When you are trying to discover exactly how a student is doing, a good diagnostic assessment will give granular information across many different skills and subskills, so that a personalized plan can be created. What is a diagnostic assessment, and how does it differ from other types of assessments such as formative or summative assessments?

Each type of assessment has it’s place. The diagnostic assessment explains what’s going on with each individual student to help allow individualized instruction; a student’s strengths and weaknesses. Formative assessments help inform on a student’s progress while instruction is in-progress. And a summative assessment is given at the end of an instruction to measure success towards the goals. Sometimes these assessments feel similar, but a diagnostic assessment is in-depth, looking at subskills to provide a detailed look into a student’s current knowledge, struggles, and strategies for learning, to help guide lesson planning.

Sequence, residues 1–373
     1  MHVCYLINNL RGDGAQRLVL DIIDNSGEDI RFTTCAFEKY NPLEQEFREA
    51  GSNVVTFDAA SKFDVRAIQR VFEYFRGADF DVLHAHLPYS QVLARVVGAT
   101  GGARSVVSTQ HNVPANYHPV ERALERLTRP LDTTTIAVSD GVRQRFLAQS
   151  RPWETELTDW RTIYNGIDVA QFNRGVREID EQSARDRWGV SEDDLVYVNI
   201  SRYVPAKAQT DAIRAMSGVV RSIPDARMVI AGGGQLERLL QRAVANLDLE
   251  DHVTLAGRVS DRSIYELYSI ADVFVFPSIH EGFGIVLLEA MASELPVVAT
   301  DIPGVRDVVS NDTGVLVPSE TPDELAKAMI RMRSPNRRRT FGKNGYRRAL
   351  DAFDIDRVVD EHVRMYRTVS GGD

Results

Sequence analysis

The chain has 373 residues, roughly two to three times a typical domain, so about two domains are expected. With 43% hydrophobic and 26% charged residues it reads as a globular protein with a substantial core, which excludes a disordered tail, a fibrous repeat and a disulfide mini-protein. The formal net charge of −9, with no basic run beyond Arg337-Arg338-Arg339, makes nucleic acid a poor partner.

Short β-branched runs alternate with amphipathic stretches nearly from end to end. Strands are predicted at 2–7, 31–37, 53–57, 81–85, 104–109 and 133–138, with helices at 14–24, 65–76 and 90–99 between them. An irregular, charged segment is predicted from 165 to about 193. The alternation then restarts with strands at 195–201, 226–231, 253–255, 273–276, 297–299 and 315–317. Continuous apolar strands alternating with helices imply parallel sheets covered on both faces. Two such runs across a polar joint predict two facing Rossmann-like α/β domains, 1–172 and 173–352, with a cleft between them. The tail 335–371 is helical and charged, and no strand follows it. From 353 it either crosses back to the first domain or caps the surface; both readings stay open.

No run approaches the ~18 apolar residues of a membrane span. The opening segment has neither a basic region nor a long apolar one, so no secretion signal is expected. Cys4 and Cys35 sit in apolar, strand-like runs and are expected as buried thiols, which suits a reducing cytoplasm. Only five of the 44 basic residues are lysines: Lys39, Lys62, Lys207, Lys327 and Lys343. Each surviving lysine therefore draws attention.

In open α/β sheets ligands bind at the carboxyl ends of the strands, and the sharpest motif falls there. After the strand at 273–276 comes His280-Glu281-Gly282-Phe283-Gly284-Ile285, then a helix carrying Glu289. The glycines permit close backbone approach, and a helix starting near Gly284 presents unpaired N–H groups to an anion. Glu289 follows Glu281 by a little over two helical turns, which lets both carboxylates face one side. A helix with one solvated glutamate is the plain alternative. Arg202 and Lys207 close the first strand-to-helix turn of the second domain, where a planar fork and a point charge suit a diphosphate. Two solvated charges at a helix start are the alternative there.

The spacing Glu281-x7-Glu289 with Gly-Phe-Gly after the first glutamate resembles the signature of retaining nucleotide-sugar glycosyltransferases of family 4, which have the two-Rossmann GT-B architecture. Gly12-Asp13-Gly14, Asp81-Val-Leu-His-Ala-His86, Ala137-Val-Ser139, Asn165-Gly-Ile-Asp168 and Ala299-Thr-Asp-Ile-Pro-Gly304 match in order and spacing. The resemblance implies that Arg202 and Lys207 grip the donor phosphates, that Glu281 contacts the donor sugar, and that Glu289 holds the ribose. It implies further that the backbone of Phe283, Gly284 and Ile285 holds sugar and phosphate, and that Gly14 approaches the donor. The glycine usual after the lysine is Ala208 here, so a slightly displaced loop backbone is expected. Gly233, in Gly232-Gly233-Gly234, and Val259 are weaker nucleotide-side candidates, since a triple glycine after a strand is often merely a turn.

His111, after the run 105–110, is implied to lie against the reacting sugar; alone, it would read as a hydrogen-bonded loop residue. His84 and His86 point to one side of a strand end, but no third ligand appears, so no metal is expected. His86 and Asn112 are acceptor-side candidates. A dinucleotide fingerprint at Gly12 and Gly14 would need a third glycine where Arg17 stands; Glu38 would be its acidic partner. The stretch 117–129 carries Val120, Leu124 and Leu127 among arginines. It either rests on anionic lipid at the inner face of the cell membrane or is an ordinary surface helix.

Ideally, if a student’s diagnostic assessment is used to create a personalized instruction plan, assessments over time should show steady improvement.

Ideally, if a student’s diagnostic assessment is used to create a personalized instruction plan, assessments over time should show steady improvement. Many of the specialized educational designations in education can be define through diagnostic testing. Diagnostic tests allow you to write IEPs (Individualized Education Programs), all tiers of RTI (Response to Intervention), and pull-out programs.

Unfortunately, the term “diagnostic” has become fuzzy because many commercial software vendors apply it to their software with a variety of definitions, providing either too few items to measure, or unclear outcomes. Let’s Go Learn’s diagnostic assessments measure student performance, skills, and growth to help educators support the unique learning needs of every student.